In Tel Aviv south of Rothschild Boulevard there are very few good places to eat. Here and there you can find an attractive street (Lilienblum, for example, or the Gan Hahashmal area before the start of excavations for the light rail). Residents of Florentin, Jaffa or the Hatikva neighborhood will always find a place to eat near home, but partygoers and gourmands from the center and north of the city usually stay within the boundaries of their own sectors.
One very popular exception is managing to puncture the above thesis – the Levinsky Market. The wonderful sights and fragrances of spices, baked goods, cheeses and pickled vegetables have always been there, but for the past three to four years the market has been attracting – morning, noon and night, on weekdays and weekends – not only veteran shoppers but new visitors as well. They come en masse for the restaurants, stalls and the small eateries that have opened there since the start of the present decade, virtually all of them based on the market’s abundant produce.
At first it was refreshing, and the offerings are usually tasty even today, but at a certain point it began to feel like “a bit more of the same.” That’s why it was surprising and interesting to discover that recently, a diner called Oggies had opened on one of the market’s streets. Because if the Levinsky Market is an exception on the south Tel Aviv food landscape, Oggies itself is a kind of stepchild.
When you call your place a diner, and certainly when you give it an English name, you are distancing yourself from a market atmosphere in general, and that of Levinsky in particular. And you know what? That’s fine. Because Oggies, despite being an American-style diner, succeeds in preserving a pleasant and relaxed atmosphere, something like a cross between a food stall, bar and small restaurant, which is very well suited to its location.
And what does one eat there? Hamburgers and hot dogs, sandwiches and appetizers, French fries and mac-and-cheese, fried vegetables and sinfully sweet dishes, all served on paper or metal trays.
A portion of buffalo wings (28 shekels, or $7.23) was served alongside a blue cheese dip. Personally I’m not crazy about wings, which I view as mainly something nice to play around with (like artichokes and black sunflower seeds), but Oggies’ version does the job. The wings were fried in a spicy batter that scorched the gullet somewhat, and the taste was reminiscent of familiar home fries. The blue cheese moderated it to some extent, but also burdened it with another type of spiciness. Lovers of the genre will enjoy the dish.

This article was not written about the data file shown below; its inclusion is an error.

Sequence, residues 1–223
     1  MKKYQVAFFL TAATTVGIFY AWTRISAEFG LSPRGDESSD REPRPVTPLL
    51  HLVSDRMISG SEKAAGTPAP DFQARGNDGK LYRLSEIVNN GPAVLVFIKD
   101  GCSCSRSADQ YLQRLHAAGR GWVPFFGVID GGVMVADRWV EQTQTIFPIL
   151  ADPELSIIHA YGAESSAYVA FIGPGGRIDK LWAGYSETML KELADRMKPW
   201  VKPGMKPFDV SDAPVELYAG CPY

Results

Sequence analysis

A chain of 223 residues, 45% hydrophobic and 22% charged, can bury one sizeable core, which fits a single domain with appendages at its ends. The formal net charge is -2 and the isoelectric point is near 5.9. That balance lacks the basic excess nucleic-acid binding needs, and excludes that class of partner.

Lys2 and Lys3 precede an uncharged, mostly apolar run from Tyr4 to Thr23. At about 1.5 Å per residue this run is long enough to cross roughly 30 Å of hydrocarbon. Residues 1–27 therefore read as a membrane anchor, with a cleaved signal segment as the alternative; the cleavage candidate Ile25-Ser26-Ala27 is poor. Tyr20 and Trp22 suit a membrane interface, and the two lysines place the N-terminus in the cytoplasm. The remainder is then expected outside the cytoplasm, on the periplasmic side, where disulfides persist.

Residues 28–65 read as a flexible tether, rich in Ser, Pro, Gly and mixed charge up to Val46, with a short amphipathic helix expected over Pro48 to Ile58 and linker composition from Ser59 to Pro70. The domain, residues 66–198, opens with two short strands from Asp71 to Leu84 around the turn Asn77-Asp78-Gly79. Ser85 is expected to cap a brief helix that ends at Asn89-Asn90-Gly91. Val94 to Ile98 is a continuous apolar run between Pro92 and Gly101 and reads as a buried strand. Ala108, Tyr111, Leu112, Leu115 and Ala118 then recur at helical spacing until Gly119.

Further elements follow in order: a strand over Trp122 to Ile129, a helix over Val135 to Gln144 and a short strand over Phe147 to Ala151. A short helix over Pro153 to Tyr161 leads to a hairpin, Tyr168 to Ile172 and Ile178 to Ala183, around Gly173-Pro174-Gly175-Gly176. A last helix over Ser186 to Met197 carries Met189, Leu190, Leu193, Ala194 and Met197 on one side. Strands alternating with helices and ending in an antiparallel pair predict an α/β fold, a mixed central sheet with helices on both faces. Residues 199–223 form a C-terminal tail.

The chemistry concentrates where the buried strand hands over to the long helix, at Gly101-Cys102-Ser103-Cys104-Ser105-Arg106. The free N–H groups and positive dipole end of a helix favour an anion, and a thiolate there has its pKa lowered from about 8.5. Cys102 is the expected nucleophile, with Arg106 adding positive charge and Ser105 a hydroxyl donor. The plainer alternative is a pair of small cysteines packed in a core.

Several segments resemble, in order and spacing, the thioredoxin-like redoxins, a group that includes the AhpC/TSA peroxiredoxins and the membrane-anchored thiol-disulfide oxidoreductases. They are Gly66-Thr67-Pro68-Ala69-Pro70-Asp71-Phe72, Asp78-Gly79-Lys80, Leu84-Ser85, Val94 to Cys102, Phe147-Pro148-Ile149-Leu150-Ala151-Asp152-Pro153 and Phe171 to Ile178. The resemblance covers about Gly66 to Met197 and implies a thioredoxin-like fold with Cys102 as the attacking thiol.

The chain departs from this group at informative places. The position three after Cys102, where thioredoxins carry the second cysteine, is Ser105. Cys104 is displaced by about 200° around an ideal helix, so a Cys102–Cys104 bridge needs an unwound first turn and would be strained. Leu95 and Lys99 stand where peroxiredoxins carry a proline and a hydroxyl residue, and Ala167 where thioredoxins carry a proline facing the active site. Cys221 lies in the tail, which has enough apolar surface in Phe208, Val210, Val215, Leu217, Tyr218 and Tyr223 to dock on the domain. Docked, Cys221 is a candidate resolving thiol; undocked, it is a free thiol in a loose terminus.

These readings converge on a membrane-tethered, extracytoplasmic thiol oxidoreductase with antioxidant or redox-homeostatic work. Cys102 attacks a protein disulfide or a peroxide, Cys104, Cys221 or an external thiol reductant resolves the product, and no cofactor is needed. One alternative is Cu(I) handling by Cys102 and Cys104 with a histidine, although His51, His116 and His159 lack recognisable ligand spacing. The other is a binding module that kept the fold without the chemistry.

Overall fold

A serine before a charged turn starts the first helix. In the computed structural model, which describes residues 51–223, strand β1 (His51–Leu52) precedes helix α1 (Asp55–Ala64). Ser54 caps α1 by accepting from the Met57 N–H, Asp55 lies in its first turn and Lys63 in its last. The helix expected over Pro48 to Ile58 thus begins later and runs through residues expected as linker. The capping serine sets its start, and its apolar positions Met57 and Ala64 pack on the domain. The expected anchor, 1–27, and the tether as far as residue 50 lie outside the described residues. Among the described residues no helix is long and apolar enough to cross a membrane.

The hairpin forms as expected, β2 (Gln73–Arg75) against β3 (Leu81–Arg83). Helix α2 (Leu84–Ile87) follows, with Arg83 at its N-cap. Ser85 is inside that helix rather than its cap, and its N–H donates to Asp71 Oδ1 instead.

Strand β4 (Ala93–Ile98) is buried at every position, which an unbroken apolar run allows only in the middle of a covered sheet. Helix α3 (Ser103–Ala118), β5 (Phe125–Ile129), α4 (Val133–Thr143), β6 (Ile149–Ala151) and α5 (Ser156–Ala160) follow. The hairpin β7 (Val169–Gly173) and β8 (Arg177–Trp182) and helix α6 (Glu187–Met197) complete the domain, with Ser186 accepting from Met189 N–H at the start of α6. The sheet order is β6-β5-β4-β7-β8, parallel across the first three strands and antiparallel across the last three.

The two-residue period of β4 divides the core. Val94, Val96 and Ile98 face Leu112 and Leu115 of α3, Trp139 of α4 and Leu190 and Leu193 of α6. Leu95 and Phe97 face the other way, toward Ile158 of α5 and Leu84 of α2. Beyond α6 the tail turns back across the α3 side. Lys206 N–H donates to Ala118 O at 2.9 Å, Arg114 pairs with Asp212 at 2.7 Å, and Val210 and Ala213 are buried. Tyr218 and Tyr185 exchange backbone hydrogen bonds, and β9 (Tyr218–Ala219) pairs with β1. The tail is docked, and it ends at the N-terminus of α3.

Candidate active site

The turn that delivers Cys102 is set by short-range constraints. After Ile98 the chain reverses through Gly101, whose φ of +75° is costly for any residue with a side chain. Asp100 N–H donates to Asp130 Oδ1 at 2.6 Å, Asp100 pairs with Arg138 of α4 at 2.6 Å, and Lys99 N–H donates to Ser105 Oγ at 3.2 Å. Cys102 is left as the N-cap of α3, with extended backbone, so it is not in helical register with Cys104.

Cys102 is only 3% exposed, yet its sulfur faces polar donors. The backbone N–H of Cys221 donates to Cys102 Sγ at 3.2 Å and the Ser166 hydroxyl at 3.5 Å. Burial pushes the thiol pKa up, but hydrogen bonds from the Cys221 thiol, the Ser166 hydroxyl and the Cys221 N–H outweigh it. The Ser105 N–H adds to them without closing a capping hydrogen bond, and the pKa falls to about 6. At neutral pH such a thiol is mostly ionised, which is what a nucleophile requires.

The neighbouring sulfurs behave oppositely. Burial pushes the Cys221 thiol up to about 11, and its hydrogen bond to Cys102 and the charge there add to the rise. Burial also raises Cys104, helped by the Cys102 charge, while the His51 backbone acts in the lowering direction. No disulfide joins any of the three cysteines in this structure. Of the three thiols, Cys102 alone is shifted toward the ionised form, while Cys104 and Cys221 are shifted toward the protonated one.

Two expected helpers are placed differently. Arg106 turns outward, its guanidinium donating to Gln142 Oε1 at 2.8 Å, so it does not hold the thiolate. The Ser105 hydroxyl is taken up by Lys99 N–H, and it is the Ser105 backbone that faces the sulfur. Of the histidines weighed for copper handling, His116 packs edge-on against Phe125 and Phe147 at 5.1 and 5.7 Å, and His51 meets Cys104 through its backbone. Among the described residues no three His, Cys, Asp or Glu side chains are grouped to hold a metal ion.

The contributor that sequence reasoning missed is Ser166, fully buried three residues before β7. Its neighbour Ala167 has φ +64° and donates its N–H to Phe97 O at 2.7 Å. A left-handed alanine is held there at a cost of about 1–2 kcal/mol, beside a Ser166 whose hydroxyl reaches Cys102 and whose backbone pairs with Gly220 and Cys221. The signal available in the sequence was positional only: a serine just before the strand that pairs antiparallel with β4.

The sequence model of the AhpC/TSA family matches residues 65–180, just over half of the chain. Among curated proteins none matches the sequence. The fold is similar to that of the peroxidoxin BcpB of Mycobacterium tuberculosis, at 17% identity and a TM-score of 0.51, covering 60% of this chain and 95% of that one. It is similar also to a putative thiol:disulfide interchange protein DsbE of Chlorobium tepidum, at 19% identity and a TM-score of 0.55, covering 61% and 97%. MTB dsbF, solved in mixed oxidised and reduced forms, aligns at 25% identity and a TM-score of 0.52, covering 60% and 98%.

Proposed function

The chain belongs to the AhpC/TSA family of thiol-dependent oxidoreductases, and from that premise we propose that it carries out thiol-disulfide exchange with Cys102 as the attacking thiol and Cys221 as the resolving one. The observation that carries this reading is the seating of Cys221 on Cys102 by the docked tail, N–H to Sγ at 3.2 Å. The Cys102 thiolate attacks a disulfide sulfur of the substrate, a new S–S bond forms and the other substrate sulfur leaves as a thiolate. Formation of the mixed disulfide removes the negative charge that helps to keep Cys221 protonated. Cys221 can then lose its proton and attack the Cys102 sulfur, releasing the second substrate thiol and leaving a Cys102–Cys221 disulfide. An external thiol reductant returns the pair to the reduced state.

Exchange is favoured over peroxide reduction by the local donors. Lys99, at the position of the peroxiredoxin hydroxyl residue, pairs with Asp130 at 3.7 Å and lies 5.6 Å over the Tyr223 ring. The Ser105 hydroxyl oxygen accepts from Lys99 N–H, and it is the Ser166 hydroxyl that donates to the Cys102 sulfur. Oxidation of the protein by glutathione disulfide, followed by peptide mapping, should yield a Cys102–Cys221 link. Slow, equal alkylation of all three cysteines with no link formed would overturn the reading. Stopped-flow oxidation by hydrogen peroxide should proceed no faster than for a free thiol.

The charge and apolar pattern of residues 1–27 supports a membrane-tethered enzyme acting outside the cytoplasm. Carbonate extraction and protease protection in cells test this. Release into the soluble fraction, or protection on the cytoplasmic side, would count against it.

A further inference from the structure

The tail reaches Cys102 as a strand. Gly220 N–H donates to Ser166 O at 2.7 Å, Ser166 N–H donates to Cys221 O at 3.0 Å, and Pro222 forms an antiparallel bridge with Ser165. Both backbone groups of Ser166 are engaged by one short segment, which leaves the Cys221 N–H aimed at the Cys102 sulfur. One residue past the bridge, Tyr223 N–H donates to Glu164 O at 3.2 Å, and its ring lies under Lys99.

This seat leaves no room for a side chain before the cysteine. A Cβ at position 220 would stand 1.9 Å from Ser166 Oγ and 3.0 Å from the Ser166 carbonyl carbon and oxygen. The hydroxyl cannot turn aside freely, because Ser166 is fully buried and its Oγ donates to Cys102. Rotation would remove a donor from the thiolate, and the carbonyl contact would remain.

Before ordering French fries (17 shekels) I asked suspiciously – prepared in advance to be disappointed – whether they were cut from fresh potatoes. This column is far removed from culinary snobbism, but I’ve had it with the local French fries, most of which come in bags from the freezer. That’s why I was pleased with the answer I got – which was repeated regarding other options on the menu: “We prepare them ourselves.”
As a fairly trivial result, the French fries were simple and good. The truth is that in light of most of the urban alternatives, they were excellent. Crisp and brown on the outside, soft and yellowish inside, with a nice accompaniment of non-aggressive ketchup and barbecue sauces, which – you guessed it – are also prepared on the premises.
The Oggies hamburger is served in a version known in America as a “slider” – a small hamburger (70 grams) in a miniature roll (26/35/46 shekels for one, two or three burgers, respectively) – which enables you to treat it as a main dish or an accompanying snack or appetizer. For Tel Aviv hamburgers the standard roll today is a soft, sweet brioche. When it’s fresh and at its best, as in this case, it’s an option that’s far more fun than a classic roll. The hamburger, with a small square of cheddar cheese on top, was very good – high quality, juicy, somewhat fatty, with a meaty flavor and without a drop of unnecessary seasoning.
The hot dog (22 shekels) comes in three versions (with a cooked cabbage and apple combination, chili con carne and melted cheese, or guacamole). An advance recommendation sent us to the frankfurters (46 shekels) – 5 cocktail franks on a bed of red cabbage cooked in beer, along with a salad of potatoes and bacon, pickled vegetables and a roll made from potato flour, baked on the premises.
The little franks were very good, with a delicate spicy flavor and a properly crisp outer layer; the cabbage in beer was sweet-and-sour, with an aroma and flavor that reinforced the meat; the bacon and potato salad added a welcome saltiness. Only the roll was a disappointment: It had been overheated and was hard on the outside and somewhat dry on the inside. We managed without it.
We left Oggies very satisfied. Even if they don’t offer anything you can’t find elsewhere, they do it well. It’s enjoyable and inexpensive, and they manage to add a different and refreshing touch to an area that was somewhat in need of it. A stepchild? Maybe we’ll amend that to “a cool and charming cousin from America.”
Oggies. 4 Merhavia, Tel Aviv. (03) 516-8244. Open weekdays from 5 P.M.-2 A.M. Fridays from 10 A.M.-4 P.M.
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